Project Owethu pioneering SAMHS work in “deep rural areas”

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South Africa’s senior military medical officer is “excited” about the Project Owethu initiative currently underway in KwaZulu-Natal’s uMhlathuze municipality as part of this year’s extended Armed Force Day (AFD) commemorations.

Lieutenant General Peter Maphaha, as surgeon general is commander of the SA Military Health Service (SAMHS) and elaborated on Owethu (“ours” in isiZulu) for the Johannesburg-based daily The Citizen this week as AFD preparations moved ahead.

The three-star believes Owethu is an opportunity for the SANDF to go into some of the most marginalised communities in South Africa and bring them back to the mainstream.

“We do not do this alone, but in partnership with relevant arms of government such as the departments of Home Affairs, Health, Agriculture and Social Development.

“Some might ask why we are doing it and not the departments themselves. The answer is simple: the state’s resources are overstretched and in almost every case centred in bigger urban areas. It is difficult for them in terms of time, personnel and cost to get into deep rural areas.

“On the flip side, it is just as difficult for people living in those areas to reach towns and cities for the same reasons: distance, cost and difficulty of terrain. Often it is dangerous too with vulnerable people preyed on and ambushed by criminals.

“Project Owethu allows us to harness different disciplines in one project; we can bring departments to the people, but SAMHS can do much of the work ourselves. We can do medical procedures in the field that civilian doctors cannot like dentistry or cataract operations.

“We can reach places non-military people in vehicles made for urban environments cannot. And we can do so safely because we do so under armed protection of other SANDF arms, in this case the army.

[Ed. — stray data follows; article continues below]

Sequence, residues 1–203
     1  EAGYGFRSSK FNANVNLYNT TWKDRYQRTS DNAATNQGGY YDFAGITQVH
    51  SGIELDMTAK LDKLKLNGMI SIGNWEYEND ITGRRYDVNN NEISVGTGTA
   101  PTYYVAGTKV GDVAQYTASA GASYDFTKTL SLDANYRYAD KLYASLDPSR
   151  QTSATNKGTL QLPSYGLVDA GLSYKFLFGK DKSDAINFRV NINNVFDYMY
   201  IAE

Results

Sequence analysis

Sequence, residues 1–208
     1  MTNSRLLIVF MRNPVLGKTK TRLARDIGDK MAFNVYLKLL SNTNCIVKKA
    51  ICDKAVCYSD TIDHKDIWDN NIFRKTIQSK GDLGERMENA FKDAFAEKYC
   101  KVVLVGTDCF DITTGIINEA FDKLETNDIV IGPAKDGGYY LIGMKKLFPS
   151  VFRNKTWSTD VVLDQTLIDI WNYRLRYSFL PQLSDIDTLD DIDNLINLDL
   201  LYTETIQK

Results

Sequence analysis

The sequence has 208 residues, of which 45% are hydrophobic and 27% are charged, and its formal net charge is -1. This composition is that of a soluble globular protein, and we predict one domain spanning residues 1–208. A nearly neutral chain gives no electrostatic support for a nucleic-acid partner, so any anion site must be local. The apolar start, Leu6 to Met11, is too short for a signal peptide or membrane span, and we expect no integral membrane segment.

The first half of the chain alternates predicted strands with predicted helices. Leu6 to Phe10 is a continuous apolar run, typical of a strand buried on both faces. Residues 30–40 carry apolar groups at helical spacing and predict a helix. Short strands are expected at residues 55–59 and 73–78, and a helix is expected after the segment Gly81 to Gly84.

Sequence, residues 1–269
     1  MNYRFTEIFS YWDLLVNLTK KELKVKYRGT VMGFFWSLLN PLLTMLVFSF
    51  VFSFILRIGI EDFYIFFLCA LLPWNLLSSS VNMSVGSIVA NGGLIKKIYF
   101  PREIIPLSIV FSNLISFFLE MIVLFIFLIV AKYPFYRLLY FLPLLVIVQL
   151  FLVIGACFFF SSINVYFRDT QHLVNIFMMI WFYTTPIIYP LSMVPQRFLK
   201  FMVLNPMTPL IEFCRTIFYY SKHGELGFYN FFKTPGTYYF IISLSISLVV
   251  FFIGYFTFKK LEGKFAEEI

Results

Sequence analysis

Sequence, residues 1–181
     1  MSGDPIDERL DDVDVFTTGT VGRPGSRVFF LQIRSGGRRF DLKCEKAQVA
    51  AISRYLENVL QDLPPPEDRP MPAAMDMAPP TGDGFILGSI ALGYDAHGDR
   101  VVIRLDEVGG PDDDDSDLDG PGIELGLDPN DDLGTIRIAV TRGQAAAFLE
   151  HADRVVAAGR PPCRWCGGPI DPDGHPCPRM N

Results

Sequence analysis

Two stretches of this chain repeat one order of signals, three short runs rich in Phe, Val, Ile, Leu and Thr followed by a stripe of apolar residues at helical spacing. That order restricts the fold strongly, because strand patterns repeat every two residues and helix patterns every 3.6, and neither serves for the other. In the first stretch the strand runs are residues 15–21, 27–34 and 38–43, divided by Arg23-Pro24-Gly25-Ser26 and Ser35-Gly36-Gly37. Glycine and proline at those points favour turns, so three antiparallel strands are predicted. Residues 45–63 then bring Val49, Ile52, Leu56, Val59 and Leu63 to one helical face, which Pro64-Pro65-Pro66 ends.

“Project Owethu is about bringing hope, it’s about being a catalyst for change. AFD is about celebrating diversity, dedication and distinction of our nation’s defence force but, all too often after soldiers pack up and leave people have difficulty remembering the parade took place or why.

“AFD has taken place in each of South Africa’s nine provinces since inception in 2012, rotating every year. Not once has it reached into the deep rural areas in those provinces. This year will be different. We are focusing on child-headed households. You see them a lot in the deep rural areas.

“We will make sure the most vulnerable have a chance at life. Literally the opportunity to see for those blinded by cataracts, the chance to smile for those with crooked, broken and rotting teeth. We will attend to the needs of their livestock, vaccinating animals against transmissible diseases.

“We will help them access their birthright by obtaining vital documentation they might never have had, like birth certificates and ID cards so they can access the grants they are entitled to.

“For those who are of a recruiting age, we will encourage them to be part of the two-year military skills development (MSD) system which, in turn, will create breadwinners and transfer skills, so when finished they can either apply to join the regular force or return better equipped to find employment in civilian life.

“Project Owethu will not be limited to KwaZulu-Natal, nor is it a once-off intervention. We intend it to become an integral part of AFD.

“Project Owethu is not solely a SAMHS initiative or an SANDF project, but one involving different government departments at differing levels of government from national to provincial, municipal and district as well as relevant community organisations.”

“It is particularly important,” according to Maphaha, “to engage municipalities because they help identify vulnerable communities. They know the families in dire need, which allows us to target our intervention for the greatest possible impact.

“It was heartening to see the response of provincial government departments when briefed at the launch of Project Owethu,” he added.

Published with attribution and appreciation to The Citizen.